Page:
Monday, October 13, 2014

Sketching the City of Pipestone, Minnesota

Last weekend, Roberta and I had an awesome sketching excursion to Pipestone, Minnesota. Pipestone is a charming city in Southwestern Minnesota with a population of 4,311 residents, not counting the many ghosts reputed to inhabit Pipestone. The city is named after red quartzite Native Americans have quarried there for hundreds of years and carved into ceremonial peace pipes (calumet). There are several fine old buildings in Pipestone faced with the ruddy stone. We were eager to sketch the sights around town and in the nearby Pipestone National Monument. We also wanted to sketch Pipestone's Paranormal Weekend (more about hunt for Pipestone's ghosts in the next blog post).

Pipestone is a great destination for folks like us who prefer car-free travel. Pipestone is a stop on the Jefferson Lines route between Minneapolis and Sioux Falls, South Dakota. Pipestone's streets are easy to bike and most attractions are within blocks of one another. The Casey Jones State Trail is a nice little bicycle and pedestrian trail through the cornfields on the edge of town.

Our trip began in our Union Depot loft in Saint Paul. Roberta and I packed our clothes in the garment bags  Roberta made last year to pack into our Brompton B-bags with our bikes. We packed our art supplies into our Brompton S-bags. All packed up on our Brompton bikes, Roberta and I rolled our bikes onto the Green Line to Minneapolis and biked the short distance to the Hawthorne Transit Station. We collapsed our bikes and zipped them up into the B-bags with our garment bags and waited for the bus which arrived on time. Jefferson Lines like Amtrak, is awesomely progressive and environmental about accepting folding bikes as luggage as long as the bags weigh less than 50 pounds.

Pipestone is about 200 miles from Minneapolis by road and the bus takes about 5 hours with nine stops along the way. Roberta passed the time by sketching some of the scenery outside our window(click on the sketches to make them bigger):

Roberta's sketch of a U-pick pumpkin patch near Carver (Strathmore Series 500 Journal)
Roberta's journal sketch of cows and wind turbines on Buffalo Ridge.

I sketched the inside of the bus and our bus driver ("Just call me Bear"). Jefferson Lines has nice, new buses with very comfortable seats and lots of weird, hi-tech gadgets I like to sketch:

My pen & colored pencil sketch  on Strathmore toned drawing paper of our bus & driver "Bear".
Bear dropped us off on time at our scheduled stop behind Lange's Cafe in Pipestone at 5:15 PM:

The only part of this sketch I did on site was the sign. The rest from a photo and memory.
We unpacked our Bromptons and attached our bags and biked down Main Street to the historic Calumet Inn on the corner of Main Street and Hiawatha Avenue:

Roberta's watercolor sketch  Strathmore Aquarius paper of the Calumet Inn.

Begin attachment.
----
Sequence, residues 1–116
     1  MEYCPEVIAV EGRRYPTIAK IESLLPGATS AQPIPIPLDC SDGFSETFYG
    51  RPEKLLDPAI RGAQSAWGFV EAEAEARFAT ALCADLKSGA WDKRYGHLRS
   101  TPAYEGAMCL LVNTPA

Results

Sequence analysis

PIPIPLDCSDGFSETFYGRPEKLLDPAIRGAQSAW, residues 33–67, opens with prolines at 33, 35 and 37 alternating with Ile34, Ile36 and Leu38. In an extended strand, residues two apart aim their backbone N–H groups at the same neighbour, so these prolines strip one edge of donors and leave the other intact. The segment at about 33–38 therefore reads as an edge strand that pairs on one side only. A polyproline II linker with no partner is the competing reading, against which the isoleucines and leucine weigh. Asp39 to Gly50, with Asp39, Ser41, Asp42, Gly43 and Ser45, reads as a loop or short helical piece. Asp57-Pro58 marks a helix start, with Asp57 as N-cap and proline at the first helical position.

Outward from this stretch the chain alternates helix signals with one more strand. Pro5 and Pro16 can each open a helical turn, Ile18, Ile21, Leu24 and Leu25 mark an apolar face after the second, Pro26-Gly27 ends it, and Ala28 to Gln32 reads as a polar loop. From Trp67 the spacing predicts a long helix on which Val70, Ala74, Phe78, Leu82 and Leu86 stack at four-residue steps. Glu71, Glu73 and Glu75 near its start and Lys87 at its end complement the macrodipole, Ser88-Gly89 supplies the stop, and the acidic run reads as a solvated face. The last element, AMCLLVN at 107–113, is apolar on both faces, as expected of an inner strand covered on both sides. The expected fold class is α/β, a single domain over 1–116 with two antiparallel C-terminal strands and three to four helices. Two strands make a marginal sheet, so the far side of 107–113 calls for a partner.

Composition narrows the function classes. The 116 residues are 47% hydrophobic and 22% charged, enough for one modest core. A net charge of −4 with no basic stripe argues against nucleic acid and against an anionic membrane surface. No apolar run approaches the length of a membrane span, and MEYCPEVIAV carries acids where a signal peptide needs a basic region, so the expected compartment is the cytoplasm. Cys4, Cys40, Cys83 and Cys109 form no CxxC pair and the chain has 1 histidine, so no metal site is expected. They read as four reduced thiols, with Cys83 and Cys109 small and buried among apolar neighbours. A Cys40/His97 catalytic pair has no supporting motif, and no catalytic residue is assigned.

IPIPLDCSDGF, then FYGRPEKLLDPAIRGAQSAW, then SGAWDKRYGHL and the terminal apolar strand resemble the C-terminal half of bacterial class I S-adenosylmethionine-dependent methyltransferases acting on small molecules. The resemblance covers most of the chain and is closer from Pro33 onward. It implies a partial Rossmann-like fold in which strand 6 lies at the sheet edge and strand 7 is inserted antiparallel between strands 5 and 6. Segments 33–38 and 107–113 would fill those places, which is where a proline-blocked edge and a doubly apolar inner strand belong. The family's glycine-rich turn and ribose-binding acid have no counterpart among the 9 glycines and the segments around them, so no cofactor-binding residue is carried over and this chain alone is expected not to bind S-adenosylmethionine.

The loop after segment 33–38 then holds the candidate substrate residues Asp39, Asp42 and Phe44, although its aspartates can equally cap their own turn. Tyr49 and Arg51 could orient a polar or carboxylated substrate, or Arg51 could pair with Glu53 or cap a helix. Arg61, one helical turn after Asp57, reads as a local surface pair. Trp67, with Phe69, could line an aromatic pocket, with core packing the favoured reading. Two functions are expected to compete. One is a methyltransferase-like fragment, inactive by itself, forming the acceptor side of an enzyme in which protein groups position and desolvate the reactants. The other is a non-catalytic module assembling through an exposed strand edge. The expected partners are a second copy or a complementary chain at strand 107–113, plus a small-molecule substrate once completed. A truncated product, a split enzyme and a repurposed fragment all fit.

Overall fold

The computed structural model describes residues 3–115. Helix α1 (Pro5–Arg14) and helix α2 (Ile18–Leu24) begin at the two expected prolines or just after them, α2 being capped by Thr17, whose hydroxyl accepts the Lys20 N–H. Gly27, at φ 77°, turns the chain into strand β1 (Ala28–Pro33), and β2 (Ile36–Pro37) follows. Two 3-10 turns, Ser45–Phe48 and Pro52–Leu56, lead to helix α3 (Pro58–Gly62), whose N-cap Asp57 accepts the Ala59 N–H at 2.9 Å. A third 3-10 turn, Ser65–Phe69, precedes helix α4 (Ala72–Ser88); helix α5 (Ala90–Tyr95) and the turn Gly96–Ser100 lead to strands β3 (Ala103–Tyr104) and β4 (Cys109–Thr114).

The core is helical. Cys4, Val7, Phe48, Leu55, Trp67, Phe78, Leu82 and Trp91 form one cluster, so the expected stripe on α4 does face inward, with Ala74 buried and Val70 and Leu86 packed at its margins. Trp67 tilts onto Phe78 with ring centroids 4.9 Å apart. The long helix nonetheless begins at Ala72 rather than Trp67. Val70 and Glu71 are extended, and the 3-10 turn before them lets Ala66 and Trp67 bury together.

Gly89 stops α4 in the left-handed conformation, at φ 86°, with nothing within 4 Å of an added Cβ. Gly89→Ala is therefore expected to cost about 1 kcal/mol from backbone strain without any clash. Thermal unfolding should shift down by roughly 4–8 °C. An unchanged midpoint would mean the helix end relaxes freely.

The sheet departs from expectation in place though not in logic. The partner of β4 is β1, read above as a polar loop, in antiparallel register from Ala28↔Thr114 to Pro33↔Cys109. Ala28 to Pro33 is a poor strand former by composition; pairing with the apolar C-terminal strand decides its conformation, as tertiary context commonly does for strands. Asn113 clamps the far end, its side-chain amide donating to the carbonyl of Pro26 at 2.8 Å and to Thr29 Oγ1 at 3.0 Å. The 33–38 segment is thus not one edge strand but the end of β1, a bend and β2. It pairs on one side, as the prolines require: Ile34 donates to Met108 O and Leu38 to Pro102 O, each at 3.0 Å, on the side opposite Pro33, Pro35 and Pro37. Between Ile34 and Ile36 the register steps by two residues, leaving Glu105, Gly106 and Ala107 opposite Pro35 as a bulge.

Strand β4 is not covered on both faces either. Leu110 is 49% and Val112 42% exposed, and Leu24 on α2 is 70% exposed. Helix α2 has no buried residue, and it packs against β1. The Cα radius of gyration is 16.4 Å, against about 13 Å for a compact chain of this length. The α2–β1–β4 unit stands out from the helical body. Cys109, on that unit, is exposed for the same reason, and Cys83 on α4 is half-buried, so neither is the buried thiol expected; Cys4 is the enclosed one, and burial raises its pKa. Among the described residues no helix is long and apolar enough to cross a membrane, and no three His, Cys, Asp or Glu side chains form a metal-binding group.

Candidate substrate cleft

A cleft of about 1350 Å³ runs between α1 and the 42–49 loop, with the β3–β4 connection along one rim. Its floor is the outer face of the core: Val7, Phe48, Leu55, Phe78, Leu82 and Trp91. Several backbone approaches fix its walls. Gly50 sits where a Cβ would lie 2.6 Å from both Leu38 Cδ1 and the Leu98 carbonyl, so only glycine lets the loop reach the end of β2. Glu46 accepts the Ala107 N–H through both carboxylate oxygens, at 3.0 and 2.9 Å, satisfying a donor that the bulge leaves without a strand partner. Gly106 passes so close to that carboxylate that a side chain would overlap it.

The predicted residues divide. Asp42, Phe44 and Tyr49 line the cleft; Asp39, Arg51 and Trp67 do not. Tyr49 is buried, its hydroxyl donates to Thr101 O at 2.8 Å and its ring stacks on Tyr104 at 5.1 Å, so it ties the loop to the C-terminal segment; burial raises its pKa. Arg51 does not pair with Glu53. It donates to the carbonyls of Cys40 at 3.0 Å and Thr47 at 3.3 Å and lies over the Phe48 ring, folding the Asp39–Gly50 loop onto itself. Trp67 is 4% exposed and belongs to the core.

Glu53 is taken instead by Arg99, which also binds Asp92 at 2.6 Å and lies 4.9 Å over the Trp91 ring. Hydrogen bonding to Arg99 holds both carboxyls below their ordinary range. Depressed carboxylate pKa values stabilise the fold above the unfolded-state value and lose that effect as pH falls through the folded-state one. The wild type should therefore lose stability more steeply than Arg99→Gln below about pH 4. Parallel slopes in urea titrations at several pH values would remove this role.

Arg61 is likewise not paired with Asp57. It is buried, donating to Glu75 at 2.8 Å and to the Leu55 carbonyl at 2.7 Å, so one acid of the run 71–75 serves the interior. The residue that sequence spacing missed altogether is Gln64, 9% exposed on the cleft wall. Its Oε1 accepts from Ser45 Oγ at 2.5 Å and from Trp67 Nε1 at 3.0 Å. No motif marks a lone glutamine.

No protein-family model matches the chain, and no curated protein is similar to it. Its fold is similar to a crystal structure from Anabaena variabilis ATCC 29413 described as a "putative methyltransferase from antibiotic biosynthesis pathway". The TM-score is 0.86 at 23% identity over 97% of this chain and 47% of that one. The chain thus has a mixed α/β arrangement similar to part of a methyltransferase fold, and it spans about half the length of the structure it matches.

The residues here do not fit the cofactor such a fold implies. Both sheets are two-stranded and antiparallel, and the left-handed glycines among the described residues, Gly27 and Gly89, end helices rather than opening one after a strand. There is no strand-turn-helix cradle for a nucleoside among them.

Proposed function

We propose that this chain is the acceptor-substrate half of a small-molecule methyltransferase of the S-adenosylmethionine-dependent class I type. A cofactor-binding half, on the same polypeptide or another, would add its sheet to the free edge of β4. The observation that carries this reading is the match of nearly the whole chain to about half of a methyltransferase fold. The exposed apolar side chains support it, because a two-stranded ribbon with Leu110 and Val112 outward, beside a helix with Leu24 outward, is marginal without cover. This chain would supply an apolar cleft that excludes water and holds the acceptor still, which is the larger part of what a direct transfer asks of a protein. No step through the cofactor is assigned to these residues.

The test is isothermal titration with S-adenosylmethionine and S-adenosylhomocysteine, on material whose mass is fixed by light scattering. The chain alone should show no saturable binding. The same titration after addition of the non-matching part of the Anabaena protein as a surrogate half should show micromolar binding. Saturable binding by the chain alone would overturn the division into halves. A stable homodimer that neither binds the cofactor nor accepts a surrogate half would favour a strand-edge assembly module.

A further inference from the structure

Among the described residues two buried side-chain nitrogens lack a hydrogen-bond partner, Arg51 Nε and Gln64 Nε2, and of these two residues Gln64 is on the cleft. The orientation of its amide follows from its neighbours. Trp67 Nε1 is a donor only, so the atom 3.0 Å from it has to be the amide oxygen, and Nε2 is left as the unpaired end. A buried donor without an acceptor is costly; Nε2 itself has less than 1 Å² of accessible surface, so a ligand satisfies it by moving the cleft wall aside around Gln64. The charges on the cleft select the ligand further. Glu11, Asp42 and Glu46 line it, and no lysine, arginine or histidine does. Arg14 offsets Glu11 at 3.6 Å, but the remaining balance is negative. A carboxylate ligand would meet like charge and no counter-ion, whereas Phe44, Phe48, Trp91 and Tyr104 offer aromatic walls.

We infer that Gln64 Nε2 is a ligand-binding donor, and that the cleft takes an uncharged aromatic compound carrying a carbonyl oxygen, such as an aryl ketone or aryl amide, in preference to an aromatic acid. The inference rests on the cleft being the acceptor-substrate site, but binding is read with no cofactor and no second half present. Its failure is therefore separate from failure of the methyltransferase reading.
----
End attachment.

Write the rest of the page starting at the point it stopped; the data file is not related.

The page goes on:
The Calumet is a nice hotel with a lot of character that artists like Roberta and I appreciate. We liked the friendly, local vibe. Our room had some nice antiques (Roberta sketched the dresser). We had a nice dinner in the bar and turned in early. 

Roberta's sketch of the antique dresser in our room.
 Friday Morning, we biked several blocks north to the Pipestone Monument. The monument is a very small park, but it has many scenes we wanted to paint. I chose the "leaping rock" for my only watercolor of the trip. Roberta painted the waterfall:

My pen & watercolor of the "Leaping Rock"on Anigoni toned paper.

Roberta's watercolor of the waterfall.
Above the falls, there is a rock with graffiti carved into it by the 1838 Joseph Nicollet expedition. I was impressed the carver bothered to put serifs on the letters. A little further on, I sketched the pile of rocks named "The Old Stone Face":

Lots of fun stuff to sketch at the Pipestone Monument.
We could have spent all day sketching at the monument, but we wanted to get back to town. Before leaving, Roberta bought a turtle pendant carved from pipestone in the visitors center. I sketched one of the artisans as he carved a pipe out of a chunk of red rock:

A few sketches of the visitors center in my Strathmore toned paper journal.
We biked back to town and spent the rest of the afternoon sketching the buildings in town. Roberta sketched the Claumet Inn, while I sketched buildings on the corner of Hiawatha Avenue and Main Street:

I wished I could sketch each historic building separately, especially the eccentric Moore block, across the street from the Calumet Inn with its oddball gargoyle-like sandstone carvings and the old City Hall, now the Pipestone County Museum. I also sketched some close-ups of the weird carvings on the Moore Block building:

My sketch of the buildings on the corner of Main Street.

 After the sun set, we packed up our art materials. We walked over to Lange's Cafe for dinner (we sampled a couple of Lange's famous pies the following day). After dinner, we joined the celebrants of Pipestone's Paranormal Weekend as they began their quest to get a glimpse of one or more of haunted Pipestone's celebrated ghosts. Our sketches of the ghost hunt and more in the next post – Sketching the Paranormal in Pipestone, Minnesota.


  1. Ken, I love seeing what the two of you sketched. Linda and I stayed in the same hotel and the only sketch I got done on that trip was that lion gargoyle on the building across the way. But we sure had fun on that trip—it was very cold and my Niji would freeze up on me which is one reason I gave up on sketching. We met a ton of interesting people.


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